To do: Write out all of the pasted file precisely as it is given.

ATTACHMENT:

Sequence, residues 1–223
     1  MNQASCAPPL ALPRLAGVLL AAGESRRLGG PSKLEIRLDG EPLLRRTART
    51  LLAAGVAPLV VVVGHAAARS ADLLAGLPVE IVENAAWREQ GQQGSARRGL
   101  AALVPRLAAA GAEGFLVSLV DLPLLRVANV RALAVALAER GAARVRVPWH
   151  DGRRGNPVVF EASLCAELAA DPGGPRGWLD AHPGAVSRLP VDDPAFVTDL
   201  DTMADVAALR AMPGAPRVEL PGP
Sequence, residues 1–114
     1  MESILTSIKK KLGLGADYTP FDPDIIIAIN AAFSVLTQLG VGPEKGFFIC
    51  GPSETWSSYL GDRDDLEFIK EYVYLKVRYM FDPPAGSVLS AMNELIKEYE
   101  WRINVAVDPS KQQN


Sequence, residues 1–223
     1  MNQASCAPPL ALPRLAGVLL AAGESRRLGG PSKLEIRLDG EPLLRRTART
    51  LLAAGVAPLV VVVGHAAARS ADLLAGLPVE IVENAAWREQ GQQGSARRGL
   101  AALVPRLAAA GAEGFLVSLV DLPLLRVANV RALAVALAER GAARVRVPWH
   151  DGRRGNPVVF EASLCAELAA DPGGPRGWLD AHPGAVSRLP VDDPAFVTDL
   201  DTMADVAALR AMPGAPRVEL PGP
Sequence, residues 1–114
     1  MESILTSIKK KLGLGADYTP FDPDIIIAIN AAFSVLTQLG VGPEKGFFIC
    51  GPSETWSSYL GDRDDLEFIK EYVYLKVRYM FDPPAGSVLS AMNELIKEYE
   101  WRINVAVDPS KQQN